NYFF 2014: Inherent Vice
From behind a haze of pot smoke and hippie dreams, P.I. Larry “Doc” Sportello (Joaquin Phoenix) navigates 1970s Los Angeles as cultures clash amidst the paranoid aftermath of the Manson Family Murders. At the onset of Inherent Vice, Doc is awoken by ex-girlfriend Shasta (Katherine Waterston) who’s found herself part of an entangled web involving a real estate tycoon, a biker gang of “Aryan Brotherhood alumni,” and an Indo-Chinese drug cartel. The real estate developer has gone missing, and soon after, Shasta’s gone too. So, Doc begins a hunt for the answers, if only he can figure out the right questions to ask.
If you’ve heard of or are anticipating Inherent Vice and are not already a Thomas Pynchon reader, chances are it’s because the movie is Paul Thomas Anderson‘s latest. Any film listed in the same filmography as Magnolia and There Will Be Blood has a high standard to live up to; however, Vice doesn’t share too much in common with PTA’s most notable works, aside from its California setting. Despite Inherent Vice‘s deep roster of big name stars, it’s not a sprawling ensemble piece like Boogie Nights although Martin Short and Benicio Del Toro a couple of scenes in which they get to briefly steal the show. It’s certainly more of a comedy than his last two films, but the bizarre laughs are rooted in absurdity in a way unlike his early works. Likewise, Inherent Vice isn’t an intricate character study in the fashion of Anderson’s most recent film (also with Phoenix) The Master, it’s more of an examination of a time and characters that belong to it.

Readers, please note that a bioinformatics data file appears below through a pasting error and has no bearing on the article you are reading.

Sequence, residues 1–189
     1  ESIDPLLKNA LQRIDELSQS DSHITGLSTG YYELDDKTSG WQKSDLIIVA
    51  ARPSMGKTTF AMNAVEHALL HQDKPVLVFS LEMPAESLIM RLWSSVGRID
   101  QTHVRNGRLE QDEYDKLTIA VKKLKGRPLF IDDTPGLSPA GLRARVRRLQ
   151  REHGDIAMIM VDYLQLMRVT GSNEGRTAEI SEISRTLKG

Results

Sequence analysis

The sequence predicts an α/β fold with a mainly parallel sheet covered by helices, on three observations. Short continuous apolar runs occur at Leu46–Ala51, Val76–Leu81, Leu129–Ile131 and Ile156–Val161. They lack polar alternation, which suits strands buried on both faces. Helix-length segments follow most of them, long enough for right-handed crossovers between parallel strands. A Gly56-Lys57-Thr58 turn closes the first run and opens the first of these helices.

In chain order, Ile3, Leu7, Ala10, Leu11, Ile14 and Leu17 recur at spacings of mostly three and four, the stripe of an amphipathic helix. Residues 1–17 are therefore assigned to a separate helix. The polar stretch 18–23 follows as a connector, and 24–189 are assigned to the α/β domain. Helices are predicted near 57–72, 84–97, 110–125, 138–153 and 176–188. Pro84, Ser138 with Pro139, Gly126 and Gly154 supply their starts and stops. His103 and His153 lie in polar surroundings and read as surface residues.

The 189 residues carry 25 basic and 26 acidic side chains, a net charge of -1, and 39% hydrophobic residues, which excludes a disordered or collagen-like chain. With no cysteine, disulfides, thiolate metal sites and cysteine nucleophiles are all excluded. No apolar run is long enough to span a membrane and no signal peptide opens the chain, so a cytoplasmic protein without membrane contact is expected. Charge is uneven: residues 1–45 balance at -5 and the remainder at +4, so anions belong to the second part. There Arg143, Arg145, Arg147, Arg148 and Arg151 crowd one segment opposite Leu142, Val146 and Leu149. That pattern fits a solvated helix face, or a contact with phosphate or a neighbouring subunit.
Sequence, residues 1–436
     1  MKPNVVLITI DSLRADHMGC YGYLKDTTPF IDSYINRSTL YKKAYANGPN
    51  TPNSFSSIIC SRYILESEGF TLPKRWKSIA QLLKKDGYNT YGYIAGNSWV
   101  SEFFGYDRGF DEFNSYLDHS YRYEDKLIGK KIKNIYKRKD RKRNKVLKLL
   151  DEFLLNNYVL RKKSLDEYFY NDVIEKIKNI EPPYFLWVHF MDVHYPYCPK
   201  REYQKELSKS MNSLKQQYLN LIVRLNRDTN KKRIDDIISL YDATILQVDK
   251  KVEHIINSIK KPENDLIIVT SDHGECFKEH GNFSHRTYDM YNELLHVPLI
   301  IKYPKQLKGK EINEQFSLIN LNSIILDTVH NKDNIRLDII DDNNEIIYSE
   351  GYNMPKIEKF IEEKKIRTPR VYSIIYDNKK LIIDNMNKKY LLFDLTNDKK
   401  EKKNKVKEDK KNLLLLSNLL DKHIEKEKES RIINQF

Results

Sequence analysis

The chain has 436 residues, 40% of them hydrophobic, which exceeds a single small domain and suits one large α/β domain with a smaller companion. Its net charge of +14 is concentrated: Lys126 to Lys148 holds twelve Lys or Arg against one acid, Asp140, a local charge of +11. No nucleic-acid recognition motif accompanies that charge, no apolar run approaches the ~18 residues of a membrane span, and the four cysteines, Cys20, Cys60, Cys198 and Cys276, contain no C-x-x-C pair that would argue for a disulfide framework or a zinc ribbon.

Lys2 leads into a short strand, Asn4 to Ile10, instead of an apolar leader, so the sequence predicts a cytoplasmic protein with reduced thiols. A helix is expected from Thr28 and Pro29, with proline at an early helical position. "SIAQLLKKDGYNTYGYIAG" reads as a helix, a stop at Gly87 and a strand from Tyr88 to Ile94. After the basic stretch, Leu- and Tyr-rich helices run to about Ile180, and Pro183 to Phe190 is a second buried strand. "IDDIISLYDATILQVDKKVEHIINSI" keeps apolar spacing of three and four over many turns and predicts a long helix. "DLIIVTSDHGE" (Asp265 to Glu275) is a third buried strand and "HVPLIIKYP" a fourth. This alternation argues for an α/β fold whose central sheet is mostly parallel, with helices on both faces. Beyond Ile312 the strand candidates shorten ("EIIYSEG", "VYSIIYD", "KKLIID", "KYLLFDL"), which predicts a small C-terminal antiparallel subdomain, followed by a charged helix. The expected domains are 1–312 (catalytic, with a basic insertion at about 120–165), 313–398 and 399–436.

For all its strengths, it’s a challenge to grasp everything Anderson throws at the audience in his movie. Inherent Vice‘s convoluted non-story sees characters enter and exit the picture like a revolving door around Doc. Though clever in his own right, Phoenix’s detective is not the type to piece together a complex case; rather, the movie is far more concerned with the heir of mystery than solving the puzzle in a satisfying way. Its subtle touches will likely have to be sussed out during repeat viewings. But as baffling as the film can be on the initial watch, with PTA’s confident direction Inherent Vice remains captivating throughout.